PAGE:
Another helpful strategy is to look at how innovation and entrepreneurship could be developed across different majors. For example, a STEM major who is doing cutting-edge research within their field could dovetail their skill set with business coursework. Thus, their schooling would maximize both innovative development and the startup skills that can be attractive to VC funders.
Which colleges have the most successful business incubators?
The third metric for how college can lead to successful startups is university-related business incubators. Research shows that university incubators have a lasting impact on a startup growth, thus helping more new companies reach viability.
To look at how university-linked incubation programs bridge academic life and business success, UBI Global analyzed programs around the world, looking at factors such as the program’s impact on economic growth, access to network partners, access to funding and more.
Here are the U.S.-based incubators UBI has recognized and some of the top colleges with which they’re affiliated: Startup Aggieland at Texas A&M University, Studio G at New Mexico State University and New Mexico colleges, 1871 at the University of Illinois and Chicago-region colleges, Emerging Technology Centers at Johns Hopkins University and other Baltimore colleges, and Los Angeles Cleantech Incubator (LACI) at UCLA, California Institute of Technology, and other Los Angeles schools.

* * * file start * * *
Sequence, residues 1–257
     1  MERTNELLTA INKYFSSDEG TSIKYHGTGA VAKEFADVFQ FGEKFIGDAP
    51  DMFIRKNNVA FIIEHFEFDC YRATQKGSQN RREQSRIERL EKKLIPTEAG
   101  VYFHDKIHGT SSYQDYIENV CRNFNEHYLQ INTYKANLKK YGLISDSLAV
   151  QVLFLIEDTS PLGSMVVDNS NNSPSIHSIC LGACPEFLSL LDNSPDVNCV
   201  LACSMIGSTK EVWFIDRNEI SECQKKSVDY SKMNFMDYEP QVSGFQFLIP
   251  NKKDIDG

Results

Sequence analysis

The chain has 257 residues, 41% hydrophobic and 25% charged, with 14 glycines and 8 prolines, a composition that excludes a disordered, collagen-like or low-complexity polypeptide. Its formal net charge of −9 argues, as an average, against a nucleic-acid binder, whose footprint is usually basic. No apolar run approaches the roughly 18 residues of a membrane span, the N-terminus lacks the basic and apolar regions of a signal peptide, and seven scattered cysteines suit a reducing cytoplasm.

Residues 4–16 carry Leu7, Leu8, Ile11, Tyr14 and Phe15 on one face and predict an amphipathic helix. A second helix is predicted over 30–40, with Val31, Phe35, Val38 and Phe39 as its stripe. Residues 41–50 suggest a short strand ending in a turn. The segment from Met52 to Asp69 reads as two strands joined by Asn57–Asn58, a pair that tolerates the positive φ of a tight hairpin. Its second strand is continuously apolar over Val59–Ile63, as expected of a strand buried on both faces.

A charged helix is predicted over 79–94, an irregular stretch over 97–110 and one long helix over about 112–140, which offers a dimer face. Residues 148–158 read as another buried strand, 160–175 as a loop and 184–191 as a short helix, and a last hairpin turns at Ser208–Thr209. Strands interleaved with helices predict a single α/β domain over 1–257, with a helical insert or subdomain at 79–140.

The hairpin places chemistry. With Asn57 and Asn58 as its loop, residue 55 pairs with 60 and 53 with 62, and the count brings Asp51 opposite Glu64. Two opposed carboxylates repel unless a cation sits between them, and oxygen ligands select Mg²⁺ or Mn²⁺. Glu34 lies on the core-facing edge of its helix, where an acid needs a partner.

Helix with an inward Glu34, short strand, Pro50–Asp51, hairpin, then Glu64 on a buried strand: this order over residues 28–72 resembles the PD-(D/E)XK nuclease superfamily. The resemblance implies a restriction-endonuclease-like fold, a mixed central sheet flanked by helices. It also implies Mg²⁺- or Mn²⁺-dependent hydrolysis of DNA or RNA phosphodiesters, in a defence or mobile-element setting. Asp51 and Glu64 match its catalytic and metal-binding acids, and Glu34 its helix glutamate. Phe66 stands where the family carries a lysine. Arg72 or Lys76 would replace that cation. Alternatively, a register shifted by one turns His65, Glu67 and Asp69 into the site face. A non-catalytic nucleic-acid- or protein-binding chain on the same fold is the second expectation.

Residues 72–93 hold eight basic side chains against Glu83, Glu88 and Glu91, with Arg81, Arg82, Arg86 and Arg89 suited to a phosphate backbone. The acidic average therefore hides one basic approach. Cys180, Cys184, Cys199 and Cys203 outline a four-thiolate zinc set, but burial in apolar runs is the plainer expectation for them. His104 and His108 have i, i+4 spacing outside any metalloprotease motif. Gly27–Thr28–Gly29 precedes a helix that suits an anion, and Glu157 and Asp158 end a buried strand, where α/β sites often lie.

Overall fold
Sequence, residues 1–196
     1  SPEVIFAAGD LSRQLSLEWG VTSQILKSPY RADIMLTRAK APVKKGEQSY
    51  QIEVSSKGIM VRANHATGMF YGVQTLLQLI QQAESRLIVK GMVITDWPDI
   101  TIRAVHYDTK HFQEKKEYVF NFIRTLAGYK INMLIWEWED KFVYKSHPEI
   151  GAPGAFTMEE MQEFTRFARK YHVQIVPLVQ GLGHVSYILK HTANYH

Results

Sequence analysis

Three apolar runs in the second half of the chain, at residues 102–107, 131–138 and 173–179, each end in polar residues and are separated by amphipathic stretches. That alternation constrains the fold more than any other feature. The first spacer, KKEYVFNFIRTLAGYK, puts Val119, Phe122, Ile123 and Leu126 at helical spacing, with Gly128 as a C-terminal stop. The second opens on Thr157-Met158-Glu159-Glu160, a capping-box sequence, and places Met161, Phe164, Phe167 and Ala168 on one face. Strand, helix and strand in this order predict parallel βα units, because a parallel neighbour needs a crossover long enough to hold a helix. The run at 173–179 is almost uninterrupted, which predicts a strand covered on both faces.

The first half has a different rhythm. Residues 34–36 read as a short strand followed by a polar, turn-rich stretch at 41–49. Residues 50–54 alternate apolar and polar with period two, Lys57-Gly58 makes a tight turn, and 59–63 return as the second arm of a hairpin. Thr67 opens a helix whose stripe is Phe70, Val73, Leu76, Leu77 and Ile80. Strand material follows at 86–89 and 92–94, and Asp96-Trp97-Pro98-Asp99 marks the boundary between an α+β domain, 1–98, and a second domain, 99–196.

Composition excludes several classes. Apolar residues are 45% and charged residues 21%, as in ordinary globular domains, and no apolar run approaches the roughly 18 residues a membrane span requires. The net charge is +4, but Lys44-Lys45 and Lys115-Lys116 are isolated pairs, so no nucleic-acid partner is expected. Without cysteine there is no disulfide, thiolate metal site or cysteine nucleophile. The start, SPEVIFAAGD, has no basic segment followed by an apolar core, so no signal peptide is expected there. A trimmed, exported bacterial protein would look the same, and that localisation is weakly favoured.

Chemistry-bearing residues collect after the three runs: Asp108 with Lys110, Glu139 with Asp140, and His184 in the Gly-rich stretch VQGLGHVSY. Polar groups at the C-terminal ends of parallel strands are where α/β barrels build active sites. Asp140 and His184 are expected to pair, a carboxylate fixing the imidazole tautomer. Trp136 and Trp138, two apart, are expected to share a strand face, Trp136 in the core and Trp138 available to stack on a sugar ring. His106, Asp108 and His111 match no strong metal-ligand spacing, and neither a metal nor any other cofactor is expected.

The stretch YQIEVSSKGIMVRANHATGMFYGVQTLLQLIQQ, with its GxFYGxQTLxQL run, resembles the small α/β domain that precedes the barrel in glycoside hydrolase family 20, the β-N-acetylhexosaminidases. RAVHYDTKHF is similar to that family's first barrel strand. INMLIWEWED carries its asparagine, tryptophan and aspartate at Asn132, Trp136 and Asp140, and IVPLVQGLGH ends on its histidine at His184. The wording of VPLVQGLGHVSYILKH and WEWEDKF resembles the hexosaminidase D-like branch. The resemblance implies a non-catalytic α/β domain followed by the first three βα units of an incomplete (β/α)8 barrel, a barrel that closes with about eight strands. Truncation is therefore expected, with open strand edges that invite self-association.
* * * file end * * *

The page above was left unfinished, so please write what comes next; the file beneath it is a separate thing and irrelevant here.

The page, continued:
Each of these programs has had strong results. For example, among the alumni of Baltimore-based ETC, startups have raised $2.3 billion in follow-on funding.
Each incubator program will have a different application process and a different set of resources that can help students launch successful startups. However, one of the most important criteria for students to consider is how the program can expand their networks.
Because student entrepreneurs will not have wide networks that have been built through long careers, networking opportunities can be especially valuable for student incubators. Look for opportunities that help you connect with industry leaders, other student entrepreneurs and potential funding sources.